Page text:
Russia's Sberbank prepares Baltic expansion

By bne IntelliNews April 13, 2012

Sergei Kuznetsov in Minsk -

Russian banking giant Sberbank is preparing to expand into the markets of the Baltic states, bne can reveal, with the first step being its Belarus subsidiary BPS-Sberbank opening a subsidiary in Latvia.

The move would follow Sberbank's first foreign foray when in February it acquired for €505m the Emerging European arm of Austria's Oesterreichische Volksbanken, Volksbank International, which operates in Bosnia-Herzegovina, Croatia, the Czech Republic, Hungary, Romania, Serbia, Slovakia, Slovenia and Ukraine.

"We are discussing plans to open a subsidiary in Riga and will soon submit these plans to the supervisory board of BPS-Sberbank," BPS-Sberbank CEO Vasily Matyushevsky tells bne.

"BPS-Sberbank is following its customers to the Baltic market. Most Belarusian cargos are trans-shipped through Lithuanian and Latvian seaports. Therefore, we would like to accompany our Belarusian customers, give them all-round support and make their business more efficient," Matyushevsky explains, adding that the subsidiary in Riga is scheduled to open in 2012.

As for a possible expansion of Sberbank to Poland, the situation is less certain, Matyushevsky says. "You have to wait. I think there will have to be a decision of the Sberbank Group on this issue, and we will inform the media."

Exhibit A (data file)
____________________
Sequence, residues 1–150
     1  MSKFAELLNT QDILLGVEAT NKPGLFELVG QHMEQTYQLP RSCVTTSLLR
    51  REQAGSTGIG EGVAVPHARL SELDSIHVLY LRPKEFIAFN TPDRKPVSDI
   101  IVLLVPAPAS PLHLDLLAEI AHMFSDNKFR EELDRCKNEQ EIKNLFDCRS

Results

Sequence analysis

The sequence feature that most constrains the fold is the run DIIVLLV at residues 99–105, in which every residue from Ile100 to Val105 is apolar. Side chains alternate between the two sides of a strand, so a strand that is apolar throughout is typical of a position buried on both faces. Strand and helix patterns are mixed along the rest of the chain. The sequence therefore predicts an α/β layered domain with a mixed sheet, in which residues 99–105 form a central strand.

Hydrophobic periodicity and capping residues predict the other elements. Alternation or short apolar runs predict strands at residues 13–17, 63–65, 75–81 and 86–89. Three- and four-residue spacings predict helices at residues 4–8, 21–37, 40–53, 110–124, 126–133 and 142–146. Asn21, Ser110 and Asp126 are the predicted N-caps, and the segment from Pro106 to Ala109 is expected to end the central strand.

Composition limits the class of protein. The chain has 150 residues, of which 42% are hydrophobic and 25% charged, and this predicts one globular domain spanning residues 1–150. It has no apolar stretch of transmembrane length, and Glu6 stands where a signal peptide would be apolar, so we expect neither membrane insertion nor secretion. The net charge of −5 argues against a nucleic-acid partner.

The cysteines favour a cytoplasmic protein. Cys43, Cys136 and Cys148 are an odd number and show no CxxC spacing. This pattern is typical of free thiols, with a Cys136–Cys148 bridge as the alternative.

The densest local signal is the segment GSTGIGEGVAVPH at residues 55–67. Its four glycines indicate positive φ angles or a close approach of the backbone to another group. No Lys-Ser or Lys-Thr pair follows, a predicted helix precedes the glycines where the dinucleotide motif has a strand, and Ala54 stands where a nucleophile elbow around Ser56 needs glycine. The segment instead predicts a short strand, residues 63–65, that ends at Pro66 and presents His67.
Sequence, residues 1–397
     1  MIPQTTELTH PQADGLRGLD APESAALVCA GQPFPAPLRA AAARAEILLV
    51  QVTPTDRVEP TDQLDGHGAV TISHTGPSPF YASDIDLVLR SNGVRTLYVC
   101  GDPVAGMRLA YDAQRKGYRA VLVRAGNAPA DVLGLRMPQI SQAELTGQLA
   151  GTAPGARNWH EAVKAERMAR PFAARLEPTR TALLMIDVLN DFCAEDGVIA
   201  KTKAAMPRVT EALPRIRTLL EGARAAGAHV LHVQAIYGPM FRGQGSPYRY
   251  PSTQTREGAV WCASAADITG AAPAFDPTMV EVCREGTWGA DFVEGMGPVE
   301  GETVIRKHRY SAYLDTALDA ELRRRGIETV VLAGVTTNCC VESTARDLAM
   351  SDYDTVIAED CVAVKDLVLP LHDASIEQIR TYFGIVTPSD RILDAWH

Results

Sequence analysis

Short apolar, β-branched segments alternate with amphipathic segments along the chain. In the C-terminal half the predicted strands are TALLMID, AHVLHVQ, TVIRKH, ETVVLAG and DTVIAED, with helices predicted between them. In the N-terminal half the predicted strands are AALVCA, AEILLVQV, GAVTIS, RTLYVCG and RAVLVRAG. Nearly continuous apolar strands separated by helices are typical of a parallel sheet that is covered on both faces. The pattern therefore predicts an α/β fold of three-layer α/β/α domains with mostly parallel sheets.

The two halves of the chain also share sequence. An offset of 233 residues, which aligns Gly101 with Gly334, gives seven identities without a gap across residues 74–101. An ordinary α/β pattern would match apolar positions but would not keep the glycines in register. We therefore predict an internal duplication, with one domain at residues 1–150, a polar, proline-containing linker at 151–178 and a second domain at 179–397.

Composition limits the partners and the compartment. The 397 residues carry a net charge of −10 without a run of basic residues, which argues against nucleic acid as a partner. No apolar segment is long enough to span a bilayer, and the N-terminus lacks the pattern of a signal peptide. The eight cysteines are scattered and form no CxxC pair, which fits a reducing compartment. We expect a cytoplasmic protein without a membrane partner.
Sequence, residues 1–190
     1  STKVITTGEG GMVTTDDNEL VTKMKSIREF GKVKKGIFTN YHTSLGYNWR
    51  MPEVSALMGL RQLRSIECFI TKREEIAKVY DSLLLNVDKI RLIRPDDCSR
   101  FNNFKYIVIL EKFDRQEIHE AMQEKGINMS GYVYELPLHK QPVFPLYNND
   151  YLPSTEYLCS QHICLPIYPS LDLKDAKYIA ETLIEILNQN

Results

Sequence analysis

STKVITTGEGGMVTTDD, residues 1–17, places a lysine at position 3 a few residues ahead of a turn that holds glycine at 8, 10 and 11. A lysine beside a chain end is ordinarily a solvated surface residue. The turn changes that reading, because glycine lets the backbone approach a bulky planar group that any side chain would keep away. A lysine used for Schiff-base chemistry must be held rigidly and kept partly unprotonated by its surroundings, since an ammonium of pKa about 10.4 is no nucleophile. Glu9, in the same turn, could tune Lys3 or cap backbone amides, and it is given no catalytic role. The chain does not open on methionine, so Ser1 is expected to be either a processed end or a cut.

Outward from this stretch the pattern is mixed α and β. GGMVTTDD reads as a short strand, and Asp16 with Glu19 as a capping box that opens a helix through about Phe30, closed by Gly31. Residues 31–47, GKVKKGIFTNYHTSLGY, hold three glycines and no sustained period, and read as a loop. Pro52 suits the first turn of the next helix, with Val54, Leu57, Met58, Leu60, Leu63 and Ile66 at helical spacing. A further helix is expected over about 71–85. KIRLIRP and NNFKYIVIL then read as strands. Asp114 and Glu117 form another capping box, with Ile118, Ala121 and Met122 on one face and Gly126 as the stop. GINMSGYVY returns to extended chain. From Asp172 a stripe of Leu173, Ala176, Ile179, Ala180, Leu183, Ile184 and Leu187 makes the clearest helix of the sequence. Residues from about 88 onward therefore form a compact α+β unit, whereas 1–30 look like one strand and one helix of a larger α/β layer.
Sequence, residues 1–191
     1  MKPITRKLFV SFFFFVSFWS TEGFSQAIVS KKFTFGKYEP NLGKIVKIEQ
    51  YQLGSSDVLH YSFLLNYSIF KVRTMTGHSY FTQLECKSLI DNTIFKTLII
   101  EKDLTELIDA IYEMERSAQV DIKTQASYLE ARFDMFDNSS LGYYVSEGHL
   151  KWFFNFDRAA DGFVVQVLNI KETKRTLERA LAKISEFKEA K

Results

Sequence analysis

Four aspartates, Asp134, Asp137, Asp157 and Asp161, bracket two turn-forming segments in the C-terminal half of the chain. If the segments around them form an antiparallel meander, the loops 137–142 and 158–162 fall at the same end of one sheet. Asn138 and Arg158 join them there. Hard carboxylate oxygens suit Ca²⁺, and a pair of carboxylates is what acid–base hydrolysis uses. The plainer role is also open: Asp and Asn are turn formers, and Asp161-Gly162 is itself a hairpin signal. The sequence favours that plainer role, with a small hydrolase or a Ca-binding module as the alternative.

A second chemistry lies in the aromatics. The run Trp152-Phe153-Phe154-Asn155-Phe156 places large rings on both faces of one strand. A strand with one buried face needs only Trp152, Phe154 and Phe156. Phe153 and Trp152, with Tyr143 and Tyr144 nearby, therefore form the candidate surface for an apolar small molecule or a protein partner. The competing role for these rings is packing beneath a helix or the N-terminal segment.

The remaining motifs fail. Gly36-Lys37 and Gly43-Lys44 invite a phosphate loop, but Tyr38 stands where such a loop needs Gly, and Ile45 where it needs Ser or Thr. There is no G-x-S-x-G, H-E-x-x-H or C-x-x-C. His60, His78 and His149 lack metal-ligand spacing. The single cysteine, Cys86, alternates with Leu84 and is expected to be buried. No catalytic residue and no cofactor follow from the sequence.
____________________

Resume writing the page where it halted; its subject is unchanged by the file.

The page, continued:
On April 12, deputy chairman of Sberbank's management board, Sergei Gorkov, told journalists in Zagreb that Russia's biggest bank is planning to expand its activities in Central and Eastern Europe where it sees big growth potential, and was "closely monitoring both the Polish and Turkish markets."

"The Central and Eastern European market is very important. In terms of the size and the rhythm of growth, it was showing excellent results before the crisis," Gorkov was quoted by AFP as saying.

In 2011, Russia's Kommersant newspaper reported that Sberbank had considered the possibility of acquiring Poland's Millennium Bank and Kredyt Bank. In February, Banco Santander finally agreed a deal to take control of Kredyt Bank for PLN4.3bn (€1.04bn); Banco Comercial Portugues is reportedly considering selling its Polish unit Millennium as part of moves to raise its Tier 1 capital ahead of a June deadline from the European Banking Authority for banks to have capital ratios of at least 9%.

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